The Mark of Zorro, a silent film taking place in the early 19th century in California, is based off the short story “The Curse of Capistrano” by Johnston McCulley that pulp magazine All-Story Weekly published. The movie shot Fairbanks to a new level of stardom and ushered in a new hero for movie audiences, the swashbuckling adventurer, aka superhero.
Zorro is a two-faced character that pretends to be in cahoots with the evildoers but in reality, he’s fighting evil tyrants while donning a purple cloak and black mask. And the swordsmen skills he possesses are top-notch, so much so that he marks his victims with a Z and a laugh. Do we know another caped crusader who enjoys branding evildoers? Silly question, right?
The Mark of Zorro had a sequel, remakes, and reboots. The character’s popularity waned after the 1970s until Antonio Banderas took up the cloak and mask for 1998’s The Mask of Zorro, also starring Catherine Zeta-Zones. Before then, though, a man from another planet would usher in the comic book superhero movie age.
A Man From Krypton
A great deal changed in the 1970s in terms of movies — the studio system had collapsed and censorship lessened, to name just two. A new genre was created: Blaxploitation (Shaft, Sweet Sweetback’s Baadasssss Song), cult films became more popular, and the American New Wave emerged (the “Movie Brats”). And something that’s never gone out of style came to be: blockbuster movies.
Superhero movies didn’t play a large part in the 1970s, aside from Abar, the First Black Superman which Director Frank Packard made as part of blaxploitation (it’s brilliant). Oh, and that movie starring Christopher Reeve as Superman.
Between 1966’s Batman: The Movie and 1978 there wasn’t a DC comic book adapted for the screen. Superman would change that, forever. It spawned multiple sequels, made a star out of Reeve, made oodles of money, and even gave a woman a shot at superhero stardom with the less-than-stellar Supergirl in 1984. You could even argue that, while it took over ten years, Superman’s success is what made Tim Burton’s Batman (1989) possible, even if the sequels were a nightmare. And don’t even try to discount the connection between Judex and Batman, or if you please, The Shadow.
The ideal partnership of blockbuster movies and superheroes made the 1980s and 1990s so much fun. Moviegoers got Flash Gordon, The Toxic Avenger, RoboCop, The Spirit, and Tank Girl. To this day these films are worshipped in cult circles (my favorite is The Toxic Avenger). Plus, The Shadow, Judge Dredd, Teenage Mutant Ninja Turtles, Darkman, The Phantom, Spawn, The Crow: City of Angels, and more.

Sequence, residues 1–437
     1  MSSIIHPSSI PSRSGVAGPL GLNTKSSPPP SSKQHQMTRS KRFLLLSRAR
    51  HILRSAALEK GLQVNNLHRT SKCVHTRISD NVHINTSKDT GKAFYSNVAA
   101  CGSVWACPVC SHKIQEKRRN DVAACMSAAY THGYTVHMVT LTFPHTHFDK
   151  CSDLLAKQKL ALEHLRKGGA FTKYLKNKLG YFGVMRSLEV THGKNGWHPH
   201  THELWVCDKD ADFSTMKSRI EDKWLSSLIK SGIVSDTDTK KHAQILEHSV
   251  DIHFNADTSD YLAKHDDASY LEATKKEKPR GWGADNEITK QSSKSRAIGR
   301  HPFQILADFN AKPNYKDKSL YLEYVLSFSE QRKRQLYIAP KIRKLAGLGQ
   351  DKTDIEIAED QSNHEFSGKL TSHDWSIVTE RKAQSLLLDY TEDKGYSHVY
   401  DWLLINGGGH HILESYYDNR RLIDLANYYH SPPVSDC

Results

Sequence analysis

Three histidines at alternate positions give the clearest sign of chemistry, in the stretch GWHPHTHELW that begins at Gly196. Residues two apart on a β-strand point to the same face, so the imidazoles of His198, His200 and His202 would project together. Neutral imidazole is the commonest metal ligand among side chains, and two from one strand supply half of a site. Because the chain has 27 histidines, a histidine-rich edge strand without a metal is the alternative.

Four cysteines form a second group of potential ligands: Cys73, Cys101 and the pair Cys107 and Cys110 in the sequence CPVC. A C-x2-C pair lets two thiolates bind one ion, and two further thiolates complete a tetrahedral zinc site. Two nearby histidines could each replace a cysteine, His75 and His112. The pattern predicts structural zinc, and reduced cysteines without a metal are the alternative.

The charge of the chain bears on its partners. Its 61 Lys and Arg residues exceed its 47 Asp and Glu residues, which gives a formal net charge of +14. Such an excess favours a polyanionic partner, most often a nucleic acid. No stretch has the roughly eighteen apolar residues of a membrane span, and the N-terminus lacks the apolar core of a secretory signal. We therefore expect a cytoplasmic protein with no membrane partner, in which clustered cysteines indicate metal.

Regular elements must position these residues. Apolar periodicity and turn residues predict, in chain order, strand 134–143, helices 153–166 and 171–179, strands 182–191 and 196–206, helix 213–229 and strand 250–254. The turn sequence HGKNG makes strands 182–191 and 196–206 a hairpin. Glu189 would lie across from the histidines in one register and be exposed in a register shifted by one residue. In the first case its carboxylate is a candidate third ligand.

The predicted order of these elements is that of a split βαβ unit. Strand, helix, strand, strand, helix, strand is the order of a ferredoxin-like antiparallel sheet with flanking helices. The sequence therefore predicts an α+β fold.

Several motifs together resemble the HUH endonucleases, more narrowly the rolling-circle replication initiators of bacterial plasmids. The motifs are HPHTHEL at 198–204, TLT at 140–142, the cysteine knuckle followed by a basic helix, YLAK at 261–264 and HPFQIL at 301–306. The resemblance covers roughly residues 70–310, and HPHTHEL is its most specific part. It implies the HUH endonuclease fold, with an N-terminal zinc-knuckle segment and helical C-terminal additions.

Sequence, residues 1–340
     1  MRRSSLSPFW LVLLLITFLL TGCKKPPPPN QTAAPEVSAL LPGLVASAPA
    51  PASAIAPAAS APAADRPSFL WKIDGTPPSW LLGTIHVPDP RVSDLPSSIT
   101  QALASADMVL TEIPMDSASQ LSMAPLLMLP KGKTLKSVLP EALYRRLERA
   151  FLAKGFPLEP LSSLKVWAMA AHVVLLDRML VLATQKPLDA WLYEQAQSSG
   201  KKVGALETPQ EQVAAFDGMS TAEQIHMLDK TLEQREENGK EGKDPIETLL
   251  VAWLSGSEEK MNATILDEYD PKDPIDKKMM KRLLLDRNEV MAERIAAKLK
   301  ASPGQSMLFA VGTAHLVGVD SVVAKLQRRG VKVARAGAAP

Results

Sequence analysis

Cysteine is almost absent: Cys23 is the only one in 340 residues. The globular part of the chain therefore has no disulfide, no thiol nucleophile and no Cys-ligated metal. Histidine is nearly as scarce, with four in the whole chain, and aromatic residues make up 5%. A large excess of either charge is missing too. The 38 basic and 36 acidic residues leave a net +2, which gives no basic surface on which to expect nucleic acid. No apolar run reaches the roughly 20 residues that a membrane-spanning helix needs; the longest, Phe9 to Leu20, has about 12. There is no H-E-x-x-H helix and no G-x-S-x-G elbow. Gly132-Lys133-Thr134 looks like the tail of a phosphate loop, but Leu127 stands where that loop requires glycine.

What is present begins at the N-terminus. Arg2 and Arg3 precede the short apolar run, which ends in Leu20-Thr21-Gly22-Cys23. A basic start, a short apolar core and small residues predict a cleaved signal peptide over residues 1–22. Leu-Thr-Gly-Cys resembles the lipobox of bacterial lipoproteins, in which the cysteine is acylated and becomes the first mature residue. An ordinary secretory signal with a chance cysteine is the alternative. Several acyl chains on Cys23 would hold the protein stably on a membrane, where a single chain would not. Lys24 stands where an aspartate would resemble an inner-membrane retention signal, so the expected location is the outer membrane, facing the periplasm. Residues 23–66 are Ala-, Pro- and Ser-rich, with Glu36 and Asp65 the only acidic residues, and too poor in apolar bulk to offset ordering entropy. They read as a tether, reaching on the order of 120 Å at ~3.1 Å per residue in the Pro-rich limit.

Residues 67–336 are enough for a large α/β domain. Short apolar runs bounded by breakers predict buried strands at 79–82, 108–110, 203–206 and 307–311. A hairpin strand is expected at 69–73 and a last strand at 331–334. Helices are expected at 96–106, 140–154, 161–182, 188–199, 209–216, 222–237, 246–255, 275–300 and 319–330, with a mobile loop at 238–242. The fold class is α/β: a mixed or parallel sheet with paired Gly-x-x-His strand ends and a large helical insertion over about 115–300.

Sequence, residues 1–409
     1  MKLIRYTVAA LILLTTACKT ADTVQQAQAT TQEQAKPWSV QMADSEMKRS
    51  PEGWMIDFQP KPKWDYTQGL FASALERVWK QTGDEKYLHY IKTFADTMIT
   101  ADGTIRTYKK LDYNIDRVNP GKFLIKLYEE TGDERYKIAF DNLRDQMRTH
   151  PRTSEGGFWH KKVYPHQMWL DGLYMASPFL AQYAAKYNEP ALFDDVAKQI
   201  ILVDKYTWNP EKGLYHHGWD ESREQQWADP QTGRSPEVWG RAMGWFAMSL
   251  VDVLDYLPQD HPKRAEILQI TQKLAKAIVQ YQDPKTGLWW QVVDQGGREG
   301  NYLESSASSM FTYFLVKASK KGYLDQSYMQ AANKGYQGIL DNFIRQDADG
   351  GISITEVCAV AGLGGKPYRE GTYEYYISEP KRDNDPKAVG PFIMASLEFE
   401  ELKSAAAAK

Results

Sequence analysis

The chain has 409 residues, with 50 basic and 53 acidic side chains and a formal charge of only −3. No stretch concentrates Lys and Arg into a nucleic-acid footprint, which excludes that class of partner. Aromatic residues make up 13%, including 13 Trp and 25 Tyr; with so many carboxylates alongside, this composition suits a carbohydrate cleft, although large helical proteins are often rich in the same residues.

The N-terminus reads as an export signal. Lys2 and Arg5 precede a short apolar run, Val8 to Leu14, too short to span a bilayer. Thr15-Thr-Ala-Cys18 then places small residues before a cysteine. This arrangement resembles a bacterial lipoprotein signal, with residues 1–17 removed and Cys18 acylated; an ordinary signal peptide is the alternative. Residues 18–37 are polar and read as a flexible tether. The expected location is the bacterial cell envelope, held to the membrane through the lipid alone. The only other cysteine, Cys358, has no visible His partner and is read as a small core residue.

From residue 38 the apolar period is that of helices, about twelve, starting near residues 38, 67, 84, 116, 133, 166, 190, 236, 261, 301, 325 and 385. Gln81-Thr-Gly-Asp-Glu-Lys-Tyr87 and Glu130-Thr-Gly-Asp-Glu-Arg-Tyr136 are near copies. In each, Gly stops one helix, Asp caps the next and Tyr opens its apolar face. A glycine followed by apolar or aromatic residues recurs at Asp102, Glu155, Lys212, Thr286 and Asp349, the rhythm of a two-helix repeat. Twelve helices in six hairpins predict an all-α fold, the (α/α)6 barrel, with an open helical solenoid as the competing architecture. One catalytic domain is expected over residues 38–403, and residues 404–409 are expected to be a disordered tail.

Since Superman and later Burton’s Batman, there’s been no shortage of superhero fare, but when Marvel decided to cash in on its properties, the movie world got saturated.
The Marvel Effect on Superhero Movies
Sit back and think for a moment when the last summer movie season that didn’t have a Marvel comic book movie adaptation as a tent-pole movie occurred. Then consider any season of the year that hasn’t had a Marvel movie premiering in the past decade. You likely can’t. From X-Men to Spider-Man to Iron Man to Thor to Captain America and The Avengers, Marvel has ruled the superhero movie genre for over a decade.
DC Comics keeps up, kind of, and is trying to make the best of its Justice League characters — Wonder Woman being the most promising. Aquaman, a movie no one thought would ever get made (it’s a tad awkward with the necessary underwater action), is the latest DC comic book adaptation that hopes to capture the 2018 Holiday Movie Season. Will it? Your guess is as good as mine. But one thing is for certain: Regardless of whether Aquaman breaks the bank or tanks, superhero movies will continue to be made.
They may be influenced by Judex, the first superhero movie (yup, I’m not bending on my argument), or not, but they all have the French vigilante to thank for making it okay to wear a disguise and seek justice outside the confines of the law.